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Have you ever asked someone for one thing, and instead received something completely different—and better—instead?

Well, this happened to Daniel. He asked God for mercy for Israel, and instead received God’s detailed plan to redeem the world. Let’s look at Daniel 9 to see this amazing prophecy and what it means for us.

The Setting

In Daniel 9:2, we find Daniel reading from the book of Jeremiah. Jeremiah had been written less than a century before, but Daniel already recognized it as Scripture. From Jeremiah’s prophecy, Daniel realized that Israel’s exile would last 70 years (Jeremiah 25:11–12). Daniel made this discovery in 539 BC when only three years of captivity remained.

But Daniel also knew that Israel was still wicked. So, in Daniel 9:3–19, he asked God to forgive them so they could return to the land. God did so … and so much more. Let’s look at the amazing promise God gave in response to Daniel’s prayer.

The Countdown

God told Daniel, “Seventy weeks have been decreed for your people and your holy city” (9:24). The word translated “weeks” actually means “sevens.” Literally, God decreed seventy “sevens” for Daniel’s people (the Jews) and city (Jerusalem). So, what does that mean?

Well, 70 x 7 = 490. God had declared 490 “somethings” for Israel. From the context, we can tell that the “somethings” are years. God had decreed 490 years to accomplish His mission.

The Mission

Specifically, God would accomplish six things (Daniel 9:24):

Finish the transgression. God will end Israel’s unbelief and apostasy.

Make an end of sin. He will end the Jewish sacrificial system.

Make atonement for iniquity. He will pay for sins with the sacrifice of the Messiah.

Bring in everlasting righteousness. He will set up the Messiah’s everlasting kingdom.

Seal up vision and prophecy. He will fulfill all visions and prophecies.

Anoint the most holy place. He will anoint the Messiah to minister from the Temple in Jerusalem.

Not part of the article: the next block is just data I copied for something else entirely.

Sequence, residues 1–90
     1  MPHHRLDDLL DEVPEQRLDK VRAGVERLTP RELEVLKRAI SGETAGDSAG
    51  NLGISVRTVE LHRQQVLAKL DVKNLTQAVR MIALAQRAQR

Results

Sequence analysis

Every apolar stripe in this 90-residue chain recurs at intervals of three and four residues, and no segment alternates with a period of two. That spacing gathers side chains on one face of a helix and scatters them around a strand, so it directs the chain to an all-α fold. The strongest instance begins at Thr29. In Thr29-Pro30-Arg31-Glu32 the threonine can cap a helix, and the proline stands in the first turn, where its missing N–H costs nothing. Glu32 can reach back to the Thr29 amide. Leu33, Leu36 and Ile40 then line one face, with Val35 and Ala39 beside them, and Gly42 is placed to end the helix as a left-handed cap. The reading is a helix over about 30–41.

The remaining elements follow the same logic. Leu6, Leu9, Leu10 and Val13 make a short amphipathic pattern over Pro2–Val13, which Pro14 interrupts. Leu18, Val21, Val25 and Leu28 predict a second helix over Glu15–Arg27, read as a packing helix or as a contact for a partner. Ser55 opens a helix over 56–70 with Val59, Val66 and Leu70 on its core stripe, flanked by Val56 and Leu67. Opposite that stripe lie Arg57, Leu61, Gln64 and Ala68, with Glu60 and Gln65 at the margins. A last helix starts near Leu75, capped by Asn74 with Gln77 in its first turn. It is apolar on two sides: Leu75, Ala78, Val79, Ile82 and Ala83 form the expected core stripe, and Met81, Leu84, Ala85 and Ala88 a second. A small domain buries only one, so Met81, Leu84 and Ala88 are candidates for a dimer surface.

God’s Stopwatch

And God told Daniel when He would begin His 490-year program: “So you are to know and discern that from the issuing of a decree to restore and rebuild Jerusalem until Messiah the Prince there will be seven weeks and sixty-two weeks” (9:25).

We know that King Artaxerxes issued that exact decree in 444 BC1 (Nehemiah 2:1–8). It then took seven “weeks” of years (49 years) to rebuild Jerusalem, and then 62 “weeks” of years (434 years) until Messiah the Prince came. That leads to a grand total of 483 years. So, 483 years from 444 BC (using the Hebrew length of years)2 comes to AD 33.

That is the exact year—and time of year—that Jesus made His triumphal entry into Jerusalem!

Isn’t that incredible! The fact that Daniel wrote 100 years before the decree was given, and 550 years before Jesus arrived in Jerusalem, displays the supernatural origin of his prophecy.

Mind the Gap

But there’s more. Daniel also foresaw that Israel would reject their Messiah. When that rejection occurred, God pressed “stop” on His prophecy stopwatch. This created an interval of time between the first 483 years, and the final seven years of God’s program for Israel. During this gap, two things would happen (Daniel 9:26):


Over 550 years before the fact, Daniel saw that the Messiah—the Son of God—would be killed like a criminal. That happened a few days after Jesus entered Jerusalem.


Who is the Prince to come? The Antichrist. But it will not be he who destroys the city. It will be the people of the Prince. In the previous article, I mentioned how the Antichrist will arise from a revived Roman Empire. Therefore, the people of the Prince who is to come are the Romans. And they destroyed Jerusalem in AD 70—37 years after Jesus was killed.These events created a gap of time. And this gap has now extended to almost 2,000 years.

We are living in the gap, which is sometimes called “The Church Age.” God has taken a break from His dealings with Israel to bring salvation to the Gentiles. This gap will end when God raptures the Church to Heaven. Then, God will press His stop-watch button once more, beginning Israel’s final seven years.

During that final seven years—a period the Bible calls “The Great Tribulation”—God will pour out His wrath upon unbelieving Israel as well as upon the world (9:27). But God’s goal in pouring out His wrath is to bring about repentance.

Our Takeaways

There are two principles we can learn from Daniel 9:


God has a plan for His people Israel. And that plan is big enough to include their rejection of the Messiah. God also has a plan for you, a plan which is big enough to include your sins.


God established 490 years for Israel. But after 483 years, He hit that pause button … for 2,000 years! But God hasn’t forgotten His promise. At just the right time, He will finish His plan. And He will do the same for you.

1. Harold W. Hoehner, Chronological Aspects of the Life of Christ (Grand Rapids: Academic Books, 1977), 138–139. These dates reflect the most recent scholarship. Some older calculations placed the dates of the beginning and ending of this prophecy at 445 BC and AD 32.

2. Robert Anderson, The Coming Prince, (London: Hadler and Staughton, 1881), 107–110, 112–113.

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